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Informational writing

Teachers have been creating more and more research projects in recent years. In part, our states are pushing us in that direction through the assessments they've created. For example, 60% of our reading tests in North Carolina are nonfiction selections. Whereas in the past elementary teachers pretty much stressed personal and imaginative narratives and poetry, now we're enjoying teaching nonfiction units as well. With the change to Common Core in our state, students will study informational and explanatory writing in all subject areas.

Other reasons are driving this interest in research projects, of course. Teachers discovered that reluctant readers like reading and writing about real things. English language learners comprehend texts with photographs more easily. By teaching elementary students how to read nonfiction – the text features and what they mean – students read textbooks better as they move into the upper grades. In addition, the Internet's riches of information and our ability to readily add our own contributions have given students more reasons to learn nonfiction features of text.

I explored research writing with my students in my own classroom. Sometimes, I let them pick whatever topic they wanted to study. Most of the time, however, we had so little time and a very packed curriculum. When I couldn't afford complete free choice, the students selected what they wanted to learn within a unit of study. For example, in 5th grade we studied the Western Hemisphere in one year. I divided this hefty topic into one for each quarter: geography, history, politics and economics. During the history unit, students chose research topics from a long list of subtopics that matched our standard course of study.

From these experiences, I wrote and tweaked some units I'm sharing with you. On this page, you'll find my main-idea unit that teaches students to organize details around generalizations. I finally figured out how to teach main ideas in a way that sticks.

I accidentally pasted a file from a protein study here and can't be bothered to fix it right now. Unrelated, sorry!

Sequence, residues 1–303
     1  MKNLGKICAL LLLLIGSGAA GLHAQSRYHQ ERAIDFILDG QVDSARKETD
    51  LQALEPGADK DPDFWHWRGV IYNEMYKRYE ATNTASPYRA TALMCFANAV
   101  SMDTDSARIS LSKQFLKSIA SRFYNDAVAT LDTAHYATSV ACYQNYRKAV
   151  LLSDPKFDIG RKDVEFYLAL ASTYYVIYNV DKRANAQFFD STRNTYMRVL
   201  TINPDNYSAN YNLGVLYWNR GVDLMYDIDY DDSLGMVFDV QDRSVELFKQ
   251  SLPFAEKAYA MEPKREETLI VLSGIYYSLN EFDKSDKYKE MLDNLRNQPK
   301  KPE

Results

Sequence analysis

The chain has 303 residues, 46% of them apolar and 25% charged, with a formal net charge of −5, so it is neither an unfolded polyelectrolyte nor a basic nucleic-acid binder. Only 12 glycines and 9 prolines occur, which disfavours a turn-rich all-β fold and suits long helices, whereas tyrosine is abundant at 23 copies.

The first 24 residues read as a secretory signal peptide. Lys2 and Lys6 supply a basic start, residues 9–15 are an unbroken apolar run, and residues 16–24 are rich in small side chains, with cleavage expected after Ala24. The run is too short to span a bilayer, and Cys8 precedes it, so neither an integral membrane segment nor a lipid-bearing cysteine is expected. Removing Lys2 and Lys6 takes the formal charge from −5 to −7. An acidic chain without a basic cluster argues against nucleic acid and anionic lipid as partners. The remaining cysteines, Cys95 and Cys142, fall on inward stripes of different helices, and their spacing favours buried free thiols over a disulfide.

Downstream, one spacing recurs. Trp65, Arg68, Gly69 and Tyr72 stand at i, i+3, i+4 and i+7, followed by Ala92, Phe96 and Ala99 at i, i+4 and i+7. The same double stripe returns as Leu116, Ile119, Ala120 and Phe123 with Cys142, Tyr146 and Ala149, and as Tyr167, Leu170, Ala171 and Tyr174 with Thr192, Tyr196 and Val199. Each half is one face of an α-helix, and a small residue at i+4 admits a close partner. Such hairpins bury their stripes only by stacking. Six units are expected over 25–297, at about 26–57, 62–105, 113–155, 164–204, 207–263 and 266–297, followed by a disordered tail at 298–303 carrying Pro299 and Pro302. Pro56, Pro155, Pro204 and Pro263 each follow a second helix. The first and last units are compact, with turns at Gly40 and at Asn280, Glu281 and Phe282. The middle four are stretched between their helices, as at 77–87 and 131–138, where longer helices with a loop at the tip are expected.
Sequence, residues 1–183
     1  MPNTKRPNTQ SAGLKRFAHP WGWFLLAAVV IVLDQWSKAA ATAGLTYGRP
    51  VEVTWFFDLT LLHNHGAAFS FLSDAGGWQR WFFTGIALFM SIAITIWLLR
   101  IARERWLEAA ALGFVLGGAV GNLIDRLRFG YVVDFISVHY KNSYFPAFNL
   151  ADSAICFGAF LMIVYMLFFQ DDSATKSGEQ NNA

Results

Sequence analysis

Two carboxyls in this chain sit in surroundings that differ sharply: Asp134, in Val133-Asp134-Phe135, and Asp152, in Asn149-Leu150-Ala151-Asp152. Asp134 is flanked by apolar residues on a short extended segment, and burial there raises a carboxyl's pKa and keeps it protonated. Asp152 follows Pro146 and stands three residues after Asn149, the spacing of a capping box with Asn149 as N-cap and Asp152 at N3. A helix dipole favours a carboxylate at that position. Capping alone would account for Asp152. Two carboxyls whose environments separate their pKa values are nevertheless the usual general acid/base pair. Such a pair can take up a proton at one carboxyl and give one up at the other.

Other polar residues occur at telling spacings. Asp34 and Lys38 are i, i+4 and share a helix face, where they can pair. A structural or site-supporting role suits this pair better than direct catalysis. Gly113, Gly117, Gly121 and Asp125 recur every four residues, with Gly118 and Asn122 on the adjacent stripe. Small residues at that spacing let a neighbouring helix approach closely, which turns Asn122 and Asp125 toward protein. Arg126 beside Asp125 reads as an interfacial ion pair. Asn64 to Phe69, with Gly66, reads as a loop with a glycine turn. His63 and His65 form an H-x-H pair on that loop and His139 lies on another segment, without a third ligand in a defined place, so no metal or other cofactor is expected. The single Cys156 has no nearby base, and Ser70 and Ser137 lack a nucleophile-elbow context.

I'm also posting my nonfiction page unit where students learn nonfiction features of text by writing. Even though my students could define words like italics and parentheses, they didn't know why authors used them. In this unit, they learn how and why.

Check out the other resources in the right margin, as well. Now publishing companies offer so many books with so many ideas, you'll probably want to put a few on your list for summer when you have a bit more time to read.

Next: Poetry tips

Scientists use daybooks too!

Karen created this short video to show students how researchers track their work in daybooks.

INFORMATIONAL EXPLANATORY TIPS

Free materials to download

Click on the titles to download free lesson plans and handouts to help students do research writing.

Nonfiction text features

We teach strategies for reading factual texts to our youngest children. That might seem rather dull. But I was in a classroom the other day where reading instruction was any thing but. Grade levels: K-2.

Main-idea books

Have fun! Integrate writing, reading and content by writing a whole-class, main-idea, research book. The 9-lesson unit helped my students construct an understanding of main ideas vs. details, revising vs. editing, retelling vs. summarizing, and copying vs. writing original work. Grade levels: 2 and up.

Nonfiction page

Students learn two goals at once: how to research and how to read nonfiction texts. By following the steps of an I-Search project (Ken Macrorie), students find interesting facts and create a one-page magazine article (Stephanie Harvey). Students learn nonfiction text features by using them in their writing! Grade levels: 3 and up.


Links to other great help

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Copyright 2016 by Karen Haag

A resource for people passionate about helping students write well, compiled by Karen Haag

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